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As the world confronts the coronavirus, a note from our Executive Producer

During this extraordinary global pandemic, the PBS NewsHour is as committed as ever to bringing you fair, insightful news and analysis that you can trust. As this crisis has changed all of our lives, it has changed our newsroom too. I want to tell you about that and assure you that we are taking every precaution to keep our journalists, crew and staff as safe as possible while also fulfilling our mission of informing you, our public media audience.

Most of the steps we are taking are invisible to those who watch our broadcast or engage with our reporting online. Our entire digital team has been publishing content from home for over a week to our dedicated coronavirus section on our website, and to YouTube, Facebook, Instagram and Twitter. Many of our producers and correspondents are working from home too. We are enjoying a new video conference call system in lieu of our daily face-to-face meetings (one highlight has been the occasional guest appearance of a NewsHour family baby or dog).

Live television like ours cannot be easily done on a total “work from home” basis, however. We are fortunate to have an incredibly dedicated crew here at WETA, who, along with a minimum number of editorial staff, are in the studio to produce the program. We are reducing the in-studio footprint of our team literally each day, as we pull in more technical tools and workflow adjustments to make remote production possible.

While we will not compromise on the journalism, we are willing to compromise on some of the production expectations. For instance, we have made the decision to dramatically limit the number of guests and reporters on our set and you will be seeing more interviews by Skype connection. Even our correspondents have Skype set-ups in their homes. Our reporters are sitting further away from each other on the set. We are practicing “social distancing” both on camera and off.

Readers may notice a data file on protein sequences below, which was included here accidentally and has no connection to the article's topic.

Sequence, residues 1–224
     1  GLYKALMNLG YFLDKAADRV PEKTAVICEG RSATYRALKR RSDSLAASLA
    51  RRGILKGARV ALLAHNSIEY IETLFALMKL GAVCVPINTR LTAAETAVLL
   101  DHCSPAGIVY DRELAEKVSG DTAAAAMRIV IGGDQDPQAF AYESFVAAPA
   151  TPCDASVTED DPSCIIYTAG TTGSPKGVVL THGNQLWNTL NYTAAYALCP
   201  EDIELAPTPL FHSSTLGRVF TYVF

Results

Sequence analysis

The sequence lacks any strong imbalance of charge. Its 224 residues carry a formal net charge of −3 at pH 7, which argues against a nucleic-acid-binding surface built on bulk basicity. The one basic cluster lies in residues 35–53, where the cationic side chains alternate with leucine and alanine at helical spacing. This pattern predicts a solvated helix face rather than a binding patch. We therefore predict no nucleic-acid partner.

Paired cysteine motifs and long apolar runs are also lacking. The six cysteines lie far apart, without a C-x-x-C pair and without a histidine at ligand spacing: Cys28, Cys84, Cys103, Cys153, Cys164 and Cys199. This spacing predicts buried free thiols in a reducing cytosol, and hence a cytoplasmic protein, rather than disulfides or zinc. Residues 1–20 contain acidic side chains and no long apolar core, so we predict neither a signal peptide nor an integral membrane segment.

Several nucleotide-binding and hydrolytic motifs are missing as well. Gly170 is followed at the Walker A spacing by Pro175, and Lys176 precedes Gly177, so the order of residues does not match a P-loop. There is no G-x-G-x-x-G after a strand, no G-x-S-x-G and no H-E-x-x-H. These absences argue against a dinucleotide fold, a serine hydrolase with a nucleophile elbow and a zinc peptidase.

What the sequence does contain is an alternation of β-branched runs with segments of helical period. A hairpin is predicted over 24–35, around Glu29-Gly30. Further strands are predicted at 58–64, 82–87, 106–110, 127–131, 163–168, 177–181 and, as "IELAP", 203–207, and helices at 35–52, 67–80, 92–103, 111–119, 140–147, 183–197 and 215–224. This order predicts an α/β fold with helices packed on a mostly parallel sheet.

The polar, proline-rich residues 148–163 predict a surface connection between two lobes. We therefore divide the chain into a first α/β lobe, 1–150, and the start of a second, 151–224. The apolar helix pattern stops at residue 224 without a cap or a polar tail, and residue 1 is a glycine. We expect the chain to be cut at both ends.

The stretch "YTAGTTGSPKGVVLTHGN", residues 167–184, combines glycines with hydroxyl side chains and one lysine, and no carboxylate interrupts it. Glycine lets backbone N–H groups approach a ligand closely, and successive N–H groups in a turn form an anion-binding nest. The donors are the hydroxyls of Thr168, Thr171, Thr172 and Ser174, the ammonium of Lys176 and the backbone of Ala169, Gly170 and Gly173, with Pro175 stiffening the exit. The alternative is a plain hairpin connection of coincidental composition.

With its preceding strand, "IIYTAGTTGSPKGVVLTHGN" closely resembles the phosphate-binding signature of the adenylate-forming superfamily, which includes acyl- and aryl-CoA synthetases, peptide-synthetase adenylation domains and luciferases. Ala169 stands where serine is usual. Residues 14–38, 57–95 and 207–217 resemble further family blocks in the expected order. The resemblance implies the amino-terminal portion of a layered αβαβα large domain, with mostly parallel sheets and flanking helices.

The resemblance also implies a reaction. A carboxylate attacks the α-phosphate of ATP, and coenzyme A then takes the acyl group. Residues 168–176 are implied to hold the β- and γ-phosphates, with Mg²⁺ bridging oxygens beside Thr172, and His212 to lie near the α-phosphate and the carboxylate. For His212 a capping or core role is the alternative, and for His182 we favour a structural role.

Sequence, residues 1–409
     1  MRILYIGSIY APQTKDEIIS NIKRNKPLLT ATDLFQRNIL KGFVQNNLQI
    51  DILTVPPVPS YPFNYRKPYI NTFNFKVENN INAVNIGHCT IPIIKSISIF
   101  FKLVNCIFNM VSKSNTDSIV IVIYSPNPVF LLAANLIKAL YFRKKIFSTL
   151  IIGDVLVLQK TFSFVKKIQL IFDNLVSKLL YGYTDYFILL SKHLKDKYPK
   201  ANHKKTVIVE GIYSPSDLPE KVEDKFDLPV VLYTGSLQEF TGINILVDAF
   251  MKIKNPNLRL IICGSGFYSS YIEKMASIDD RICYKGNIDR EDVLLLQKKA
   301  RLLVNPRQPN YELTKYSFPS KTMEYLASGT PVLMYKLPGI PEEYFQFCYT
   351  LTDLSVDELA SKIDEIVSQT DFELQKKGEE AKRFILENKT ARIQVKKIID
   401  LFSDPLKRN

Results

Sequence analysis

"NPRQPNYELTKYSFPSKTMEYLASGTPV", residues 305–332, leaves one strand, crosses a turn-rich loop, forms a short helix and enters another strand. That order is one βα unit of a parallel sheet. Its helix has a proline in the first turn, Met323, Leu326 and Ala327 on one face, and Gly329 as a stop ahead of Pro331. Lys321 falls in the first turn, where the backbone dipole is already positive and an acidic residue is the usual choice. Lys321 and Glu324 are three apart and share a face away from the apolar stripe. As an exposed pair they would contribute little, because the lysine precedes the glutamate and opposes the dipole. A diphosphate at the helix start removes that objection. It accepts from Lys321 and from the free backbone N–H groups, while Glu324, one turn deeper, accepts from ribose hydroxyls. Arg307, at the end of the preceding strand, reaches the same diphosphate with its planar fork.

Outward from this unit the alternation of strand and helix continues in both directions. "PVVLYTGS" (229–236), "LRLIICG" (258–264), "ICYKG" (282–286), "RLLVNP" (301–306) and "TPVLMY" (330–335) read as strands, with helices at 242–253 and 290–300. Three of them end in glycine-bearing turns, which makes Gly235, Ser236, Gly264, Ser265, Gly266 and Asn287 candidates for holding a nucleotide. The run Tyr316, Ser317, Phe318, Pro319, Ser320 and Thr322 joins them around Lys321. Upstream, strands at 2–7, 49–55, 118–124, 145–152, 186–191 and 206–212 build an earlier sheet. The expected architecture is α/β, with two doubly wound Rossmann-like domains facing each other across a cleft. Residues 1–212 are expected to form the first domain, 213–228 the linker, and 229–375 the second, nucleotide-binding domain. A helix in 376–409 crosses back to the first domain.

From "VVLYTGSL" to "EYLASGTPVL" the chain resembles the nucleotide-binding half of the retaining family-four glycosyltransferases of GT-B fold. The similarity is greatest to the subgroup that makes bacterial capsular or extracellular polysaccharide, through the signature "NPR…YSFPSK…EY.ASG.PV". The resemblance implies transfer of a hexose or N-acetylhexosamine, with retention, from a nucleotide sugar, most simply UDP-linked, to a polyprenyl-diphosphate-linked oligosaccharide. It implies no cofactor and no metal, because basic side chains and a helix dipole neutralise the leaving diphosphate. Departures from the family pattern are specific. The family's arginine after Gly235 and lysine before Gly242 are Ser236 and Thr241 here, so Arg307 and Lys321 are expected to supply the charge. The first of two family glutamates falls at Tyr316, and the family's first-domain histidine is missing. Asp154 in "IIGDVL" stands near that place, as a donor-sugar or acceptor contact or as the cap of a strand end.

We are fortunate to have our PBS NewsHour WEST bureau in Phoenix at Arizona State University’s Cronkite School of Journalism and Mass Communication. That dedicated team remains in operation and provides an excellent back-up to our Washington bureau should we need to temporarily close. None of these are easily made adjustments, but they will allow us to stay on the air even under these very trying conditions.

One special note. We hope you will tune into PBS on Thursday, March 19 at 8 pm ET for Confronting Coronavirus: A PBS NewsHour Special. Anchored by our managing editor, Judy Woodruff, we will take a deep look at the challenges this pandemic presents for our health system, our economy and our government preparedness, both on a federal and local level. Senior national correspondent Amna Nawaz will be taking audience questions – from NewsHour’s social and digital platforms – to experts in these fields. And we will hear from reporters around the globe who will tell us how their countries are coping and where the U.S. is along the continuum of this global experience.

Finally, I want to note that it is a part of the NewsHour’s DNA to dig deep on the big story but not limit our work to one story, even an all-consuming one like this. We are devoting most of our resources to covering the coronavirus, but there is still an election year to cover, as well as issues around the world and here at home that matter to all of us, including education, science, criminal justice and so much more. We are also committed to making room for stories about how our communities are connecting in new ways, and shining a light on hope, resilience and beauty in our world. We are grateful for the uplift that our arts series and website, CANVAS, provide now more than ever. And on rare occasion, our incredible anchor, Judy Woodruff, shares an editorial note like this one that moves us all.

We are so grateful for your support of the PBS NewsHour especially during these challenging times.

Wishing good health and peace to you and your loved ones,

Sara Just
Executive Producer, PBS NewsHour; SVP, WETA